• Use flower nails/heating cores to help your sheet cake bake more evenly and quickly.
  • Properly measure the flour (spoon into the cup measure, then level) or use a kitchen scale to measure your dry ingredients.
  • Ingredients at room temperature mix together better. Set out any cold ingredients ahead of time.
  • Chill the sheet cake in the freezer for about 15 minutes before frosting the cake. This makes it a lot easier to frost.
  • If your cake turns out less than perfect, read my cake troubleshooting guide to see where things might’ve gone awry.

Making Sheet Cakes in Advance and Storage Tips

I highly recommend making sheet cakes in advance! It breaks the process up and lets you enjoy the decoration of the cake more. Sheet cake layers can be frozen for up to a month if stored in an airtight container or wrapped tightly in plastic wrap.

Frosted sheet cakes can sit out at room temperature for 2 days (as long as they don’t have a perishable filling, contain fresh fruit, or use cream cheese frosting).

They can also be stored in the fridge for up to 5 days, or in the freezer for up to a month if stored in an airtight container or covered tightly with plastic wrap.

Let Me Know What You Think of This Sheet Cake Guide!

I hope you found this sheet cake guide helpful! I’d love to hear your thoughts in the comments section below.

Please let me know if you have any questions I didn’t cover, or if you have any other tips or advice that would be helpful.

Donna

Thursday 20th of June 2024

I love this I can’t Wait to bake my 1sts 1/2 sheet cake for a party we are having. The picture shows 2 fillings Can you tell me how they didn’t run together? Thank you for this great post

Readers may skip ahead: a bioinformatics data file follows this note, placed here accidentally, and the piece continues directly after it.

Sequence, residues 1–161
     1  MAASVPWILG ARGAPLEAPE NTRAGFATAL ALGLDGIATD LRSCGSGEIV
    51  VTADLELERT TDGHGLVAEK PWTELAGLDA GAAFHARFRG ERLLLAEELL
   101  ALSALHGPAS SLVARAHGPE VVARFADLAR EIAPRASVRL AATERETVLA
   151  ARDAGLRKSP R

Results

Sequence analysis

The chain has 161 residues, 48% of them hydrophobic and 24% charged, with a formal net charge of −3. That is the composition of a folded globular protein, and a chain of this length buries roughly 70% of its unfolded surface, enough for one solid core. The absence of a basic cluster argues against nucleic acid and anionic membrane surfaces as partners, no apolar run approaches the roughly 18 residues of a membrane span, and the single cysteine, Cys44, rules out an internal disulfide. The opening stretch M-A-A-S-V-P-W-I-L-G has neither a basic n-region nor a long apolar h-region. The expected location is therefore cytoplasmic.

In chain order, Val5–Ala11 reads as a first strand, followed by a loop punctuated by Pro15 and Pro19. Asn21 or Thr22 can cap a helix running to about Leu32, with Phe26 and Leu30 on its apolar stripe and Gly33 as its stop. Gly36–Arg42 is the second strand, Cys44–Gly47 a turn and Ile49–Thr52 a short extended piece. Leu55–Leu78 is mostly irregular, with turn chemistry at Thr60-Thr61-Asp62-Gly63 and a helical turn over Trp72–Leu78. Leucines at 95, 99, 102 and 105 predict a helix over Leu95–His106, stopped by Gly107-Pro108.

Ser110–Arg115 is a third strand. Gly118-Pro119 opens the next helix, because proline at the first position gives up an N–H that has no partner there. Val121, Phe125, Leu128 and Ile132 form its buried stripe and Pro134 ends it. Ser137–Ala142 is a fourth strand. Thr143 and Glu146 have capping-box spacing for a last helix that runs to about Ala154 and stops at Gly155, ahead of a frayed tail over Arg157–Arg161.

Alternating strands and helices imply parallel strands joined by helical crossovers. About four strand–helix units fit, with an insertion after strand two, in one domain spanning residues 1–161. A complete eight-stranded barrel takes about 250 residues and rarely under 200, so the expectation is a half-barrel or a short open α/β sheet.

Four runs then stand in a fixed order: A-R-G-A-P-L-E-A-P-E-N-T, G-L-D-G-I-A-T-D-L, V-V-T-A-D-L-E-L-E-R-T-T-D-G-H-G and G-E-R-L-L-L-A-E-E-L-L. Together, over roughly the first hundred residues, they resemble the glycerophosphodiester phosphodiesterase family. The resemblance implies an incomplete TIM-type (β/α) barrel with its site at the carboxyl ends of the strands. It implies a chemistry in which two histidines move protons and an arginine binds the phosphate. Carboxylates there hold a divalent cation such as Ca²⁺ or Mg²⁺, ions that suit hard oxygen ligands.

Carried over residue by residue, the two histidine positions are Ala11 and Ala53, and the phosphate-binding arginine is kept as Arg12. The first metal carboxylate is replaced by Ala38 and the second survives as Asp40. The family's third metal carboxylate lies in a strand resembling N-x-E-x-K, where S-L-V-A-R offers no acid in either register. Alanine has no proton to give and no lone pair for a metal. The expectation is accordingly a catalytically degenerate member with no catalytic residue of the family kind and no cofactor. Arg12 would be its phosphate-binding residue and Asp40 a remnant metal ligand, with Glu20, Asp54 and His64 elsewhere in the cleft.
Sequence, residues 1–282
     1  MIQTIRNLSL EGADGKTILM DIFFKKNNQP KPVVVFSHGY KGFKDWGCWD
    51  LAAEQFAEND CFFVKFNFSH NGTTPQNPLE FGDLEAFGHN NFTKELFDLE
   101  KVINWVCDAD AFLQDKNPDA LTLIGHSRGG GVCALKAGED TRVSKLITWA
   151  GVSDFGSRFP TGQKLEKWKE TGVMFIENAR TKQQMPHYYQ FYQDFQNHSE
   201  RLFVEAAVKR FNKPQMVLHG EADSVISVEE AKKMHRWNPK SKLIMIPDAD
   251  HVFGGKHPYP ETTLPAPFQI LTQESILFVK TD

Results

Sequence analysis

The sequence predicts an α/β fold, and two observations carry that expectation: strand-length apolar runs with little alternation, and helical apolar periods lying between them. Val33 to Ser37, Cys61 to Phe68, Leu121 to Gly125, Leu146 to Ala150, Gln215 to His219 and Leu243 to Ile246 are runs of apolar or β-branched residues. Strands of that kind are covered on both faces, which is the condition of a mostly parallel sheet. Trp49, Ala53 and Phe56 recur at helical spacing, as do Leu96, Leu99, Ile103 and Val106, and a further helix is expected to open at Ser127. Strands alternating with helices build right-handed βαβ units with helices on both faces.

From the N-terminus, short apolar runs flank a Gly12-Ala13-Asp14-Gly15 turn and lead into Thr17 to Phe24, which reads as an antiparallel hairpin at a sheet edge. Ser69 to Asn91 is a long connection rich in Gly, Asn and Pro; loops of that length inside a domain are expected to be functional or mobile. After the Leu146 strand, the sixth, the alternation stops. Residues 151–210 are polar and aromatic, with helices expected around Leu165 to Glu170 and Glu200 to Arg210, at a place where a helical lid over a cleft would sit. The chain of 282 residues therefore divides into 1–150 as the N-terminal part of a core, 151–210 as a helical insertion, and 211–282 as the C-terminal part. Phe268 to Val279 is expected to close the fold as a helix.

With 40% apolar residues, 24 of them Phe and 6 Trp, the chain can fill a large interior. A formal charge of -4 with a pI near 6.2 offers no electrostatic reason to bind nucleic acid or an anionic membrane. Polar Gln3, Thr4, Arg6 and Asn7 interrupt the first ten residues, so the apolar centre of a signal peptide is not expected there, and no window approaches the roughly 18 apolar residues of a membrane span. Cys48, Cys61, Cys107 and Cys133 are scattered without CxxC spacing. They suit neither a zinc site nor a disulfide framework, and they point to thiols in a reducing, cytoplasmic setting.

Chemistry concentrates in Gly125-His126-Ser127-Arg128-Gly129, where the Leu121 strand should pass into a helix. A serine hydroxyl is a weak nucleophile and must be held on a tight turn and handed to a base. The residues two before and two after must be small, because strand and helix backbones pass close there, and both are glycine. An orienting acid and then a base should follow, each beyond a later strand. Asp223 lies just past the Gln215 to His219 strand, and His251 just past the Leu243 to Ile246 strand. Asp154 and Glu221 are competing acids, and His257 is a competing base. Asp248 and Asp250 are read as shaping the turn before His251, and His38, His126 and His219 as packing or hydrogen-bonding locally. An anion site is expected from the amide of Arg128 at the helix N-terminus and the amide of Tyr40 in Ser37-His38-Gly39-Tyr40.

Lori

Thursday 6th of June 2024

Do you have a recipe for white cake? I have tried a few but I never like how they turn outs I am not a professional baker but I have 3 full sheet cakes & a 6” round cake for the bride & groom to bake. I’m scared of messing this up.

Chelsweets

Sunday 9th of June 2024

Hi Lori,

I have an amazing white cake recipe I love, my WASC (white almond sour cream) cake!! Here's the link: https://chelsweets.com/wasc-cake/

And here is the link to the small batch version which makes a perfect little 6-inch cake: https://chelsweets.com/small-batch-wasc-cake-6-inch-cake/

I also call it my wedding cake recipe! One batch of batter can be used to make one 9×13-inch sheet cake. Bake it at 350 F for 40-55 minutes and use flower nails or heating cores to help the cake bake evenly if possible! Hope that helps, happy baking!

Nielle

Saturday 1st of June 2024

Amazing and detailed

Chelsweets

Tuesday 4th of June 2024

So happy to hear you liked this guide Nielle!! Thank you for sharing :)

Brittany

Monday 29th of April 2024

I can't you posted this right when I need it!! Thank you!!! <3

Chelsweets

Sunday 5th of May 2024

yesssss!!! Perfect timing :) So happy to hear that Brittany!

Meg

Sunday 28th of April 2024

Love this! Planning grad party for mid June and dd wants me to bake?. This is a perfect guide?